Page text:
on the box
Friday 07 June 1996
With the honourable exception of Drop the Dead Donkey, Channel 4 has perhaps not had as much success with home-grown sitcoms as it might have wished for. What celestial joy there was, then, when they hit upon Father Ted (right), the funniest sitcom about priests since... well, ever. The ratings bear out the channel's faith in the series. In the week ending 12 May, Father Ted, co-written by Graham Linehan (who moonlights as a columnist on this newspaper) and Arthur Mathews, was Channel 4's second most popular programme, after that perennial chart-topper, Brookside. Weighing in with nearly four million, the show was more than a million viewers ahead of its nearest C4 sitcom rival, Roseanne. Shows what a bit of divine inspiration can do for you.
The press has been invited "for a wizard show and lashings of ginger beer" at the launch of a new ITV children's series, Enid Blyton's The Famous Five, which begins on Monday 1 July. Ignoring PC reservations about Blyton, children will no doubt greet the new adaptation with delight. Their parents, on the other hand, may find it hard to watch without thinking of the Comic Strip's classic spoof, Five Go Mad in Dorset.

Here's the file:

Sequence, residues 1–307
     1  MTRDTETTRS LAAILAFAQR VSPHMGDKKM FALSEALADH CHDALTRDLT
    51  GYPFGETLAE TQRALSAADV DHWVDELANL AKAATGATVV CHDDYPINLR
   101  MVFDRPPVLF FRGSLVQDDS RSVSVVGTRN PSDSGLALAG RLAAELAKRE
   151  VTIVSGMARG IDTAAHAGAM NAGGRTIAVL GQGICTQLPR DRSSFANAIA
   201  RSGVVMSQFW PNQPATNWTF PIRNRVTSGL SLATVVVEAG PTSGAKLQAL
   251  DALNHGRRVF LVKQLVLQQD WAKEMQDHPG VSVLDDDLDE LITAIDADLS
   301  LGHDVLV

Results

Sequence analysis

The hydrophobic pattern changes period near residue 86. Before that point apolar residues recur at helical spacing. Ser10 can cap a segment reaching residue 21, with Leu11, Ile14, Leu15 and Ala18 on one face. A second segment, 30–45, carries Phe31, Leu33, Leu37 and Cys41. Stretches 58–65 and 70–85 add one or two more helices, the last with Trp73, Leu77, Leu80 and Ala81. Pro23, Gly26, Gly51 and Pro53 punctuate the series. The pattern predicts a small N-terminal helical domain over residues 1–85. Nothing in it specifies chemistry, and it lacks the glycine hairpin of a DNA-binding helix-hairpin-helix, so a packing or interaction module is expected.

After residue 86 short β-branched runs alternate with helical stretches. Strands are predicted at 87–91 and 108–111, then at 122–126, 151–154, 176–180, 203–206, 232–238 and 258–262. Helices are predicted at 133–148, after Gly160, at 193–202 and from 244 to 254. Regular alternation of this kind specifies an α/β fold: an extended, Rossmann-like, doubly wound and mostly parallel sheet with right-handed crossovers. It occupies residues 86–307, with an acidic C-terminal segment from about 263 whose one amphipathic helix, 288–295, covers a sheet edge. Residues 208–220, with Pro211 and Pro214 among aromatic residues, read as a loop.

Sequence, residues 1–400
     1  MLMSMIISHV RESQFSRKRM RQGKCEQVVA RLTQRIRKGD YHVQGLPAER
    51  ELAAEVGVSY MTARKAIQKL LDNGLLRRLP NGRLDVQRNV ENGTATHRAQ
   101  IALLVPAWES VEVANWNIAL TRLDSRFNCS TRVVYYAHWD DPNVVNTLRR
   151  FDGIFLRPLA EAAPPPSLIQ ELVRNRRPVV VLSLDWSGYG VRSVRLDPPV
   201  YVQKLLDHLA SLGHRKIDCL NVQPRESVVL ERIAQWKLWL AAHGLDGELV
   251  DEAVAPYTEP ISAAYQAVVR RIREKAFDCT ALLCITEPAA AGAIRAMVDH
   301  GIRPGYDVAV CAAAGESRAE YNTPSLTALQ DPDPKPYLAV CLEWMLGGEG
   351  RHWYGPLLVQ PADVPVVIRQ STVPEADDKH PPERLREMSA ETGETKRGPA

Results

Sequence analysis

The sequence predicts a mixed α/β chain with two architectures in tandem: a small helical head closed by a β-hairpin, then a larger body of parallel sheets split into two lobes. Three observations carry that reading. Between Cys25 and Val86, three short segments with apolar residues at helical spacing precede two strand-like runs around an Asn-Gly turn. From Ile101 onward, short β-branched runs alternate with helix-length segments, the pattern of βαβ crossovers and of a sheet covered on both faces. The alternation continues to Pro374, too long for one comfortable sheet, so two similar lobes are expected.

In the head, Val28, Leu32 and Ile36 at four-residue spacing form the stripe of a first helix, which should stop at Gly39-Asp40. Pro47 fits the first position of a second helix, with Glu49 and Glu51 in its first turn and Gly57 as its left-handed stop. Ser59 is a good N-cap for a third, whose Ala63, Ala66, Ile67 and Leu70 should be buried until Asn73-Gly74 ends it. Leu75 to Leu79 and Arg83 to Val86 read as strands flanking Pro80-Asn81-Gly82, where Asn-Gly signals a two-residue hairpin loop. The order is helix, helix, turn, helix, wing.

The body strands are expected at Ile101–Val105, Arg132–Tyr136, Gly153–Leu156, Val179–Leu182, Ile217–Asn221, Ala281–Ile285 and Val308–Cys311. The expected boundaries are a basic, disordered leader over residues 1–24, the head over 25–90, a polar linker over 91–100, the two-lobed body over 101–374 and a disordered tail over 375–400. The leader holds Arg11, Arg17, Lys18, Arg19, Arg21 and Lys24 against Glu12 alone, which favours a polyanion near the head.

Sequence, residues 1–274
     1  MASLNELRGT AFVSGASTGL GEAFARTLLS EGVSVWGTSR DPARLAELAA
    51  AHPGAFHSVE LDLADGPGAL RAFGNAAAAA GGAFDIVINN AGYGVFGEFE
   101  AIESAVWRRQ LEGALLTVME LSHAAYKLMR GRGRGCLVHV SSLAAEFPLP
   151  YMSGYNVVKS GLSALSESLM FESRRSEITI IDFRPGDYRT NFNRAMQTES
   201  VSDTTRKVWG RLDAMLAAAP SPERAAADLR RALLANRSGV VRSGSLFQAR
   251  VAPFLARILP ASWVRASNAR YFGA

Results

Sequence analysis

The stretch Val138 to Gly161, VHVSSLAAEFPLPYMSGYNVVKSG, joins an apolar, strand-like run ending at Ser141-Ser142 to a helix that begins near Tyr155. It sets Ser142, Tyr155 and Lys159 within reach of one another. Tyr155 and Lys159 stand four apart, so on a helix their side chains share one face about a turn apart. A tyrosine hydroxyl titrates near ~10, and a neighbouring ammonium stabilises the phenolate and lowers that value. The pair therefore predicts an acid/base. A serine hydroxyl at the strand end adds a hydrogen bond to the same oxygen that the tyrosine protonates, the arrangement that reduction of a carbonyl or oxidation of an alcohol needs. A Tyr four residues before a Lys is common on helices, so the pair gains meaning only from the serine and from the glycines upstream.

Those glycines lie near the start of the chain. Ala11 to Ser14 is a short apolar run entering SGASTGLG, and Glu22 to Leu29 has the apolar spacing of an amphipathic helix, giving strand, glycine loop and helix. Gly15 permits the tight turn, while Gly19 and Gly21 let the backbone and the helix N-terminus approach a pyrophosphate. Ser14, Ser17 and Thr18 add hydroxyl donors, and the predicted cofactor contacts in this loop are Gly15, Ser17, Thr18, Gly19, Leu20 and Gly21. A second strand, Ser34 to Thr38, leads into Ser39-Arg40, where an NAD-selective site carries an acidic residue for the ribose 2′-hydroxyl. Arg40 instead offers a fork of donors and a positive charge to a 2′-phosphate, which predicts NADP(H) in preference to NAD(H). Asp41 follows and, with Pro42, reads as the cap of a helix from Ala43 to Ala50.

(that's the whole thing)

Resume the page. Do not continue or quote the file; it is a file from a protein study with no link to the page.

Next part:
If I’m being racially abused I don’t need a stranger with a saviour complex to rescue me
The only black face in the Ukip manifesto is on the page about overseas aid
Ukip is the only main political party to not address LGBT rights in its manifesto
Food banks: One million Britons will soon be using them, according to Trussell Trust
Religion isn't growing, it is becoming vigorous in its demise, says philosopher AC Grayling
BBC election debate: The one photo that summed up the whole 90-minute leaders debate
- 1 Alan Rickman admits editing 'terrible' script with friends in Pizza Hut behind backs of writers on Robin Hood: Prince of Thieves
- 2 Rarest Beanie Baby of them all could be sold for £62,500 on eBay
- 3 Professional big game hunter Ian Gibson crushed to death by elephant during hunt
- 4 Farmer told to tear down mock-Tudor castle after hiding construction behind hay bales
- 5 Rebecca Francis accuses Ricky Gervais of using 'influence' to target female hunters after receiving barrage of death threats